The redevelopment of BennHi by a public/private partnership made up of the Town and a private developer, Hale Resources, is planned. The schematic design prepared by Goldstone Architecture contemplates 30,000 sq. ft. of municipal/community space (Community Space) and 70,000 sq. ft. of residential space (Residential Space).

The community space is planned in two phases. Phase 1 consists of approximately 14,000 sq. ft. occupied by the Bennington Senior Center and Meals on Wheels. Phase 2 involves approximately 16,000 sq. ft. of gymnasium space, exercise/activity rooms, locker rooms/changing rooms operated by the YMCA and office/workshop space occupied by other community partners.

The residential space will include a mix of market rate and affordable housing. 40+ units are planned to include up to 17 affordable units. The development of the Residential Space is dependent on the Town developing the Community Space as much of the building is not suitable/feasible for residential units.


Pre-Development Work Completed to Date

After an extensive public process, the Select Board identified redevelopment of BennHi as a priority project for the expenditure of ARPA funds and directed Town staff to begin pre-development efforts to determine the feasibility of the project. The town obtained site control of the property through a long-term Lease with a lease to own provision and option to terminate if the project does not proceed. For the purposes of this report, pre-development work consists of work done prior to development of construction documents and entering into construction contract(s).

Community Space Pre-Development Work Completed

View Project Documents

  1. Retention by Town of Goldstone Architecture through a competitive bid process to provide architectural services and pre-development support services for Community Space development. With the assistance of Goldstone Architecture, a Construction Manager, Engelberth Construction, Inc. (ECI), was retained after a competitive bid process by the Town to develop a construction cost estimate and to identify materials/supply chain issues. Work completed to date by Goldstone architecture and subconsultants includes the following:
    • Development of existing conditions plans; evaluation of roofs and existing building systems.
    • Identification of specific space needs of users/tenants and development of detailed space program for the 30,000 square ft of Community Space after extensive meetings with users/tenants – Senior Center Staff/Seniors, Meals on Wheels staff, YMCA staff, etc.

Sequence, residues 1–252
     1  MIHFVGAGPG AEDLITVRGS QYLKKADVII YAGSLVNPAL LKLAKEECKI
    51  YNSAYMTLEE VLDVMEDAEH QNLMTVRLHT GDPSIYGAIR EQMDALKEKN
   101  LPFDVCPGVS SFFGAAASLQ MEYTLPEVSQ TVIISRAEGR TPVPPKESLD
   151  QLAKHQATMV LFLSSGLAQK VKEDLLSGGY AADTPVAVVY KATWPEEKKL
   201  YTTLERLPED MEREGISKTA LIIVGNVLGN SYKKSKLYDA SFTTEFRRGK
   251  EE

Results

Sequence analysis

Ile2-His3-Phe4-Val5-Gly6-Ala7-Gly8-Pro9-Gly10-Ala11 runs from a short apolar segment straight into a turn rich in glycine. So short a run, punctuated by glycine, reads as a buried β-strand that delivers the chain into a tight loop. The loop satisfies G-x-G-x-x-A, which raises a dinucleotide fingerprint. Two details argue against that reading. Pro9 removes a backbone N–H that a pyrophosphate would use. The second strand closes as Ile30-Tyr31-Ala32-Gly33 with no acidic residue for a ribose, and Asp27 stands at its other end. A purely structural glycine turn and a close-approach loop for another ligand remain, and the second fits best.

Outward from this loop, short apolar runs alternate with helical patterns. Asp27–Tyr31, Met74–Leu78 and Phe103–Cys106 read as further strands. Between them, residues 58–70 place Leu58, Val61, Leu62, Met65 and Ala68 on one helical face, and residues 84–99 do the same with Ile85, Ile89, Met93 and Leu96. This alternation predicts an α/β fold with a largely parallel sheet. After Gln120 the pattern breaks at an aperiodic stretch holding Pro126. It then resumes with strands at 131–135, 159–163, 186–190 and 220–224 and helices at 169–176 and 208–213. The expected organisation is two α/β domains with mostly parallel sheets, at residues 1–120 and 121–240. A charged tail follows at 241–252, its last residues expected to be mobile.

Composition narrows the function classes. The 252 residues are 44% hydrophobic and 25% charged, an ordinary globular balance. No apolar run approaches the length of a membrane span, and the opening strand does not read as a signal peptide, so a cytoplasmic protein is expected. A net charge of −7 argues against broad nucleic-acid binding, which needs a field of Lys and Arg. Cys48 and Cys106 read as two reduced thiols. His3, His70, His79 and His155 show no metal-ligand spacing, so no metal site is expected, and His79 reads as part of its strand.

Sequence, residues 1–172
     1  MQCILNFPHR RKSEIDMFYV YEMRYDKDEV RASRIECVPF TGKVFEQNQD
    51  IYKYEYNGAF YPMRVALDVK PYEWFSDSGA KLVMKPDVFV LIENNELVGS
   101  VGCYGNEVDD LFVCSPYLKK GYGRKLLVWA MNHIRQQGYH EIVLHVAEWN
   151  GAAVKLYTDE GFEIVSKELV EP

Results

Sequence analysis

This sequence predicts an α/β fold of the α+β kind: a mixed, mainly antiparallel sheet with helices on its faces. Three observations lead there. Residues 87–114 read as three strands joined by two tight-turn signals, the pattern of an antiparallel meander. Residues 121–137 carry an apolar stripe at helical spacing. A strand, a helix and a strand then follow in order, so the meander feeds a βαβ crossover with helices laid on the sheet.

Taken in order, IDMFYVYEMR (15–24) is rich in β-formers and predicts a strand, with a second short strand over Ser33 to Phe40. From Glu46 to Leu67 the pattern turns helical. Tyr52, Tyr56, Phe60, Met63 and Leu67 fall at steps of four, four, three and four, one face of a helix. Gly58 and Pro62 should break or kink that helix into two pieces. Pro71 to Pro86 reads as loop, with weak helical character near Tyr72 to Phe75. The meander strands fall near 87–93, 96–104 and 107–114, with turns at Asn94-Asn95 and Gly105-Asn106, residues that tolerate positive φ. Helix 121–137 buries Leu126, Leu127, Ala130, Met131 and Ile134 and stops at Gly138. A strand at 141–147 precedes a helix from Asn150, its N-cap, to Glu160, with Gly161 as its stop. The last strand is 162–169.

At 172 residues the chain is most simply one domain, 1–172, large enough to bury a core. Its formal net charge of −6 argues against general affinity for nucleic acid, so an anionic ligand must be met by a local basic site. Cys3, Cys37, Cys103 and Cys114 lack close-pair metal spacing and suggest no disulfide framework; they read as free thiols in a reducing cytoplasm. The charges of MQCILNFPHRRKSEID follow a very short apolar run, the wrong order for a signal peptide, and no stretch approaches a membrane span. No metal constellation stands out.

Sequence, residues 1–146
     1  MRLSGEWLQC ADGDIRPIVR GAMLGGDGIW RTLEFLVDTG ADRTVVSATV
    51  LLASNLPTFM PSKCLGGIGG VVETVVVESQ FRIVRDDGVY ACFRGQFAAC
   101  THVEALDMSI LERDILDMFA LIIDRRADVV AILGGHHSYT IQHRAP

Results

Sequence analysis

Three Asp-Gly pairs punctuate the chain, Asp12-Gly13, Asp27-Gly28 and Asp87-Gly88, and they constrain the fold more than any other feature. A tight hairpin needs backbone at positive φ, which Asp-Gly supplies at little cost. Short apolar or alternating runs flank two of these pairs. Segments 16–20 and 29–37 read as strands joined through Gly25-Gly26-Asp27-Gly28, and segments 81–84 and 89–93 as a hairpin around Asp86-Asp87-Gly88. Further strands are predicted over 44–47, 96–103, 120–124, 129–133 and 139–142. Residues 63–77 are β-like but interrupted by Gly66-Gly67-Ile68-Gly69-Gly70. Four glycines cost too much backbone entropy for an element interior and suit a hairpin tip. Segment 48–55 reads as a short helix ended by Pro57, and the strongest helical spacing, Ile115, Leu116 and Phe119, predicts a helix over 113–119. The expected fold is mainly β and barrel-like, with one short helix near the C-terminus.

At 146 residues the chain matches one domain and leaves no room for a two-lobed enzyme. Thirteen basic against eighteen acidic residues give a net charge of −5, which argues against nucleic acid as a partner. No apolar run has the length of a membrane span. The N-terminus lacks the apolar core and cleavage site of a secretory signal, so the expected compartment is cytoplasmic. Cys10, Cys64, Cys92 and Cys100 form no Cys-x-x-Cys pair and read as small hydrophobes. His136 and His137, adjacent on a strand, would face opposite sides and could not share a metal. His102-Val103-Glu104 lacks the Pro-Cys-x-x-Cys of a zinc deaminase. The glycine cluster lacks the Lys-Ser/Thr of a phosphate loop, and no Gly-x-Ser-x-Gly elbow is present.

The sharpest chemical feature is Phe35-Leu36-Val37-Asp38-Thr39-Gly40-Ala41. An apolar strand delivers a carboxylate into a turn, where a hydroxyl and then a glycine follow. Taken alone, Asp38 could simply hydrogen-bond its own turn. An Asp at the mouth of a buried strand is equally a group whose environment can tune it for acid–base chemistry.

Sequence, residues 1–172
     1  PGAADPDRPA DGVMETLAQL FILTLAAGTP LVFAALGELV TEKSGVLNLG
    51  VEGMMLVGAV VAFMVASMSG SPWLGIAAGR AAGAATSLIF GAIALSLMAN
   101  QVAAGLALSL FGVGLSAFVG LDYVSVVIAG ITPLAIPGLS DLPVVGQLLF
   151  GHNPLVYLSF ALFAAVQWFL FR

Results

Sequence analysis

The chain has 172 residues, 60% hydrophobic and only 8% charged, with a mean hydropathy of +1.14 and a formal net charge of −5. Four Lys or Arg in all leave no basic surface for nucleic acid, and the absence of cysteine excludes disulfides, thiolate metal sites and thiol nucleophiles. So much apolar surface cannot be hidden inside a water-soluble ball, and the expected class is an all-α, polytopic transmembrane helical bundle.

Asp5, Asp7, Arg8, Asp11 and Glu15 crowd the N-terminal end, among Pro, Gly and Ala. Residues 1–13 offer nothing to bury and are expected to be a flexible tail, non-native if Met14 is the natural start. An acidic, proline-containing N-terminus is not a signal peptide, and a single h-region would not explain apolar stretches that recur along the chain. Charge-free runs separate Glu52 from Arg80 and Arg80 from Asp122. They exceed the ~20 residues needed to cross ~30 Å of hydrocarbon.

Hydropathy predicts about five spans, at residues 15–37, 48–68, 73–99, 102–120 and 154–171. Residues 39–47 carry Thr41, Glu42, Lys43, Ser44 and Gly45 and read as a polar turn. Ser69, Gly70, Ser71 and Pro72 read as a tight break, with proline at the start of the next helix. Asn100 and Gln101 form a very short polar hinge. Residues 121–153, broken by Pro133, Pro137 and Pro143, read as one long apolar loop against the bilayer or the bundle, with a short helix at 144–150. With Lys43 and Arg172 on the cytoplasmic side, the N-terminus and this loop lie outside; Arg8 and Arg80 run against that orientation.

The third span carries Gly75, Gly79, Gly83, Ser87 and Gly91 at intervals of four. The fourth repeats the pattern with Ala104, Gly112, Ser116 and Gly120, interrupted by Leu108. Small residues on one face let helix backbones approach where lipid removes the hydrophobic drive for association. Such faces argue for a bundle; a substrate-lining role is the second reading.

• Development of initial schematic design for Community Space, and multiple revisions of the schematic design after multiple conversations with users/tenants.
    • Development of building elevations.
    • Retention of Civil Engineer and development of site plan for property.
    • Retention of Structural engineer and evaluation of building structural issues. No significant structural issues were identified.
    • Retention of Mechanical engineer, identification of energy goals, development of proposed mechanical systems summary for Community Space (HVAC, electrical, plumbing. fire safety), and commencement of energy modeling services.
    • Work with ECI to prepare initial cost estimate.
  2. Paul Miller, Environmental Consultant, was retained by the Town to identify environmental concerns. Air testing for PCB’s was conducted. No PCB’s were detected.
  3. Catamount Environmental was retained by the Town to identify and test for asbestos in the building. Some asbestos containing materials were detected and costs for remediation were quoted. Given the age of the building remediation will be relatively minor as asbestos remediation was commenced by a previous owner.

Residential Space Pre-Development Work Completed

View Project Documents

  1. Commencement of partnership with private developer, Hale Resources, to develop Residential Space – Execution of Memorandum of Understanding with Hale Resources to serve as developer of the Residential Space.
  2. Ongoing conversations (Hale Resources and Town staff) with possible public funding sources, including the Vermont Housing and Conservation Board, Agency of Commerce and Community Development, and Low-Income Housing Tax Credits.
  3. Ongoing conversation by Hale Resources with private investors.
  4. Retention by Hale Resources of Goldstone Architecture to provide architectural services and pre-development support services for Residential Space development. Work completed to date by Goldstone architecture and subconsultants includes the following:a. Development of existing conditions plans.b. Development of initial schematic design for Residential Space – 40+ units to include up to 17 affordable housing units.
  5. Retention by Hale Resources of Historic Preservation Tax Credit consultant.
  6. Paul Miller, Environmental Consultant, was retained by the Hale Resources to identify environmental concerns.
  7. Commencement by Hale Resources of cost estimating.
  8. Hale Resources is in conversations with Doug Kennedy to conduct a housing/market feasibility study.
  9. Hale Resources is in conversations with M&S Development to serve as a Low-Income Housing Tax Credit consultant.
  10. Hale Resources is investigating rebates and incentives available from Green Mountain Power and Efficiency Vermont for energy efficient HVAC systems.

Remaining Pre-Development Work

Community Space

View Floor Plan in Project Documents